These buildings are classified as Class E buildings and will not be needing planning permission to build. For those who want extra space to work, socialize with their friends without disturbing their neighbours, or an extra space to declutter their homes, building a garden room or a log cabin will be a great choice. There will also not be a need to go through the complicated process of applying for planning permission, and still, you will have the extra space you needed in your garden.


How to apply for planning permission?

For those who suspect that your intended garden building will require planning permission, it is better to consult with a professional architect and a planning consultant.  They will give the right advice on almost every matter related to the planning permission. They will make sure you stand in a better position to submit a successful application.

To apply for planning permission, you need to fill out the application form and attach all relevant documents with it. The cost of the application fee will vary depending on what kind of work you need to get done in your garden.

To help you further, there is a fee calculator available on the website so you can have a better idea of how much to pay.  After applying, the local council will take 8 to 13 weeks to give its final decision.


Why is it essential to check covenants before applying for planning permission?

Covenants are certain restrictions placed in your land to prevent it from developing in a certain way. Before applying for planning permission, it is essential to check if there are any covenants placed on your land and get them removed immediately.

Even if you obtain planning permission to build in your garden, the covenant will override it. Getting covenant removed is easy, especially when the beneficiary no longer exists. It is better to check it before applying for planning permission as it will save a lot of your money and effort.


5 Powerful tips to win planning permission on a parent’s garden?

Getting planning permission, especially on a garden plot, can be quite a challenging process. The main aim of the local council is to ensure that the new garden plot building is in character with its surroundings in terms of design and pattern of development. Some powerful tips to win planning permission to build on a garden plot are:

      1. Privacy of your neighbours:

The design of your intended garden building must not overlook and intrude on the privacy of any neighbours. It can be managed easily through the careful arrangement of rooms and usage of high-level glazing in your new building’s design to prevent views in a particular direction.

If the intended garden building is designed in a way that the privacy of neighbours is maintained, then the local council will be left with no choice but to grant you the planning permission. Good design can increase your chances of winning over the planners.

      2. Minimum loss of trees:

If your garden plot has many trees and contributes to forming part of a beautiful street scene, obtaining planning permission to build on it can be extremely difficult. As the loss of trees for building in your garden can upset the local council members and your neighbours.

It is better to consult with your architect to design your building in a way that there is minimum loss of trees. However, it can be challenging to achieve, but keeping a few trees that add the most to the street scene will help you obtain the permission you need.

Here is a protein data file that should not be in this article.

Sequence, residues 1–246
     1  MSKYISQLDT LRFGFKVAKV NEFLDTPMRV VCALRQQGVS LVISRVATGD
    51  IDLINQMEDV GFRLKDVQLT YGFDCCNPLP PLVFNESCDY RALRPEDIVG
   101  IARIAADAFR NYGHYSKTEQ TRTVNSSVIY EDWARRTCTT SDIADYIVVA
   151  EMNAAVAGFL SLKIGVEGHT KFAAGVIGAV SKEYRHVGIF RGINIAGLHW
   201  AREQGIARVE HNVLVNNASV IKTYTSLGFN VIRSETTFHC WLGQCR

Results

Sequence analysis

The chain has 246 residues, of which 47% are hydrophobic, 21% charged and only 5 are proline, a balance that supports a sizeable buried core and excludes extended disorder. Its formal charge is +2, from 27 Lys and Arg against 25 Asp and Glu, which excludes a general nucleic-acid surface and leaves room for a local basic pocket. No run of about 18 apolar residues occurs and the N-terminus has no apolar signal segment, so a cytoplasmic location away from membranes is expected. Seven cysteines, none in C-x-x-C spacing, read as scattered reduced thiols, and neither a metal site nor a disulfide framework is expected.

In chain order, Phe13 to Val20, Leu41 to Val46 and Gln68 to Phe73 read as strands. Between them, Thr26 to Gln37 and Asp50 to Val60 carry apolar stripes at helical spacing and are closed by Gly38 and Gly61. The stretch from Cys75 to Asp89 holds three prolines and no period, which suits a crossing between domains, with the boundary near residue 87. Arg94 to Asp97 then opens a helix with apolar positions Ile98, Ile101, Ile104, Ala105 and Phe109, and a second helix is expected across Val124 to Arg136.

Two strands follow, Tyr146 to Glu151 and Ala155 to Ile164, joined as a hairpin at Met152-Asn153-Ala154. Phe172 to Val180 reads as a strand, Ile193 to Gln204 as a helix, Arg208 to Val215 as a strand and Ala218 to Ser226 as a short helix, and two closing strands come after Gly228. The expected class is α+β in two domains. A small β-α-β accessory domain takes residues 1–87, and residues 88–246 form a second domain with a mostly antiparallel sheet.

3. Drainage:

It is crucial to think early about how your garden building will be drained so you can include the most suitable solutions in your planning application. If there is no public sewer available at your garden plot, you will need a space for a private system.

      4. Local politics:

The neighbours often play a significant role in the process of planning permission to build on a garden plot. Getting your neighbours on your side can ultimately increase your chances of being granted the permission you need from the local council. The local council will consult with your neighbours before giving its final decisions. If your neighbours are in your favour, you will most likely obtain the planning permission to build on the garden plot.

      5. Space:

Many applications for building in a garden plot often get refused because the plot looked too narrow and cramped. Careful design can lessen the effect of a narrow plot and make the plot’s size suitable for developing the new garden building.  With the help of a professional architect, you can make the new garden building look like it is associated with the existing home.



Many people in Ireland are transforming their gardens into a highly valuable asset with the potential to earn them a great return in the form of a once off lump sum or consistent rental income. It can also be used for growing needs where it’s more convenient to build extra space for families in the existing house instead of relocating to new houses. However, obtaining planning permission can be quite daunting, as the planning officers in Ireland see it as their job to prevent the development of new buildings, especially in garden plots. However, with an expert architect on your side, you will be able to successfully obtain planning permission to build. If you are in the process of buying an old bungalow, always choose the one with the more extensive garden as it will be a huge benefit in the long run. Also do keep in mind that any property built in a garden without planning permission, will likely be forcefully removed and there may be severe penalties for the homeowner

If you or anyone you know is interested in developing in your garden to unlock tied up liquidity then we would be happy to assist.